New South Wales man Brian Charlton, 69, thought he was an only child but his two daughters dug into his past and uncovered eight secret siblings!
Adopted at birth, Brian spoke to that's life! about meeting his family for the first time in over 60 years.
Pressing my ear against the door, I was listening in on Mum and Grandma’s conversation. They were talking about me. Then I heard the word ‘adopted’. Maybe I’m adopted, I briefly thought.
At just seven years old, I didn’t fully understand and walked away none the wiser. My mum, Amy, was my whole world and her kind heart captivated everyone who met her. But when I was nine, everything changed when she passed away unexpectedly.
My Dad, Jack, sent me away to live at the Bexley Boys’ home in Sydney and didn’t look back. With his new girlfriend and her four kids, Dad built a new life without me. Then when I was 14, he passed away too. ‘You’re no son of mine,’ he had told me spitefully before he died.
I couldn’t help but reflect on his final words and the conversation I’d overhead when I was seven. I’m adopted, I realised.
Finding a photo Mum gave me when I was small, it took on a new meaning. The black and white image of a young woman had the name Marie Kendall scrawled on the back. Was she my biological mother?
Pushing it all to the back of my mind, I got married in 1971 to my lovely wife Margaret, now 66, and together we had three children, Ainsley, now 45, Yolanda, 42, and Arron, 39.
As the kids grew up, they’d ask about my past. Telling wonderful stories of my adoptive mum, I couldn’t share anything about my blood line other than the dusty photo. ‘Wow, she’s beautiful,’ they’d say about Marie.
Inquisitive, Ainsley and Yolanda began digging into my adoption records. With just the name Marie Kendall to go on, I was certain they would come up empty-handed. ‘You’re wasting your time,’ I told them.
Then we got some paperwork from an abbey my birth mum had lived in from the age of 14 to 19. On one document, in perfect cursive writing, stood nine names.
‘These must all be her children,’ Yolanda jumped up.
‘Ya joking!’ I said in disbelief. Brian, Kathleen, Rosslyn, Ross, Tracey*, William, Darlene, Mark and Russell, I read. Could they all be my brothers and sisters? I wondered tearing up.
‘How did we not know?’ I choked up
Jumping online, the girls tried to track down my potential family on Facebook. Is Marie Kendall your mum? they typed. Within minutes Darlene replied, YES!
From the age of 14, Marie gave birth to Kathleen, me, Rosslyn, Ross and Tracey. All adopted out, Marie managed to name us and snap a quick photo to take to our new families.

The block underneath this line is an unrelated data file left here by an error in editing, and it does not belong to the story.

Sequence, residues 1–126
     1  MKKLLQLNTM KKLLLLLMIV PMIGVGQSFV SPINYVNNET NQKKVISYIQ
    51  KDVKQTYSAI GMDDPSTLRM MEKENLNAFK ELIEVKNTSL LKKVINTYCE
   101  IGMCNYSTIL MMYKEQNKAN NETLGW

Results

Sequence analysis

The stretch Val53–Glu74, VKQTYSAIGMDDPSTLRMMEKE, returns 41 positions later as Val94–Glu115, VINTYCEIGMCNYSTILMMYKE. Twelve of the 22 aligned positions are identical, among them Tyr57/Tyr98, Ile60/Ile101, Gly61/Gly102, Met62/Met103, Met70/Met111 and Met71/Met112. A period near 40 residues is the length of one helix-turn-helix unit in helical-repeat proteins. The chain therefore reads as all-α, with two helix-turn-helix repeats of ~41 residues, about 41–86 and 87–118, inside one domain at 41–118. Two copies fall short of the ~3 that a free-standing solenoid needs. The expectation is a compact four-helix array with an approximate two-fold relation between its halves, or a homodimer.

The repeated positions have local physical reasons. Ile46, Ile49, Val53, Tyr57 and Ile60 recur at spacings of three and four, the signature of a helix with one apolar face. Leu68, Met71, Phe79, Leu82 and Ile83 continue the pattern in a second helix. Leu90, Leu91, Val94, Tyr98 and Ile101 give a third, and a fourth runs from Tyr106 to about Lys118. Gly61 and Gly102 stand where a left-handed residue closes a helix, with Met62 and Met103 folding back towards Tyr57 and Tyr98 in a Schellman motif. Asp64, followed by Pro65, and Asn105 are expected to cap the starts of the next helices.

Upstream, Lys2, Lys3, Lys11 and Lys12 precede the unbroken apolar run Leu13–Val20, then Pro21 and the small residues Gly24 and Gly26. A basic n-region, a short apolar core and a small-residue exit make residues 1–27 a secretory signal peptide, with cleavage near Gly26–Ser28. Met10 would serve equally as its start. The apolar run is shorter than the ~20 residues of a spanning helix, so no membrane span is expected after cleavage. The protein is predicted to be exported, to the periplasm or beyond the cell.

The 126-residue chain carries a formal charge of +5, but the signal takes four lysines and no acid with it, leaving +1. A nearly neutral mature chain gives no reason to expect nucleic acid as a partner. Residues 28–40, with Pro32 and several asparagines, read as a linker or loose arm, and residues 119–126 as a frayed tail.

I shuddered to think of what happened for her to have five kids so young. Marie then went on to give birth to and raise Darlene, Mark and William, while Russell was raised by his biological dad.
Just before Marie passed away in 1994, she confessed to Darlene, 61, there were ‘another six kids’. Darlene had been searching ever since. ‘Well you found me,’ I joked as we chatted over the phone. I couldn’t believe my ears when I heard that many years ago my sister Kathleen, 75, had lived just five minutes down the road from me!
‘How did we not know?’ I choked up. The next day, Margaret and the kids and I went to meet Darlene and her family. Hugging my sister felt like coming home.
Then, she introduced me to my brothers Mark, 59, and Ross, 66. My head began to spin. I’d been an only child for 69 years – this was incredible!
‘You are all so similar,’ Yolanda roared with laughter as we shared stories.
I later met William, and Darlene had also tracked down our two sisters, Tracey, 64, and Kathleen, 75. Receiving a letter from Tracey, she expressed her love for us all but asked for her privacy.
But making contact with Kathleen in Queensland, we chatted away on the phone like old friends. She also revealed my brother Russell had sadly passed away in 2002.
Rosslyn, with the adopted name of Smith, was the hardest to track. We called the Adoption Special Services to help us. Not wanting to get my hopes up, I focused on getting to know my new brothers and sisters. But in September 2017,
we found the final piece to make my family a whole.
Finding Rosslyn, 68, in Queensland, we were like two peas in a pod. Our phone chats last hours with us gabbing about the past, present and future.
I haven’t just gained eight siblings, I’ve got nieces, nephews and in-laws too! I’m over the moon that in just two years, I went from an only child to one of nine!
With my 70th birthday creeping up I hope to make my way up to the sunshine state to meet Rosslyn and Kathleen in person. ‘I’ll walk there if I have to,’ I told Margaret.
I’m still in awe we found each other and I hope if anyone is thinking of tracing their roots, they go for it. You don’t just find a person, you find a family.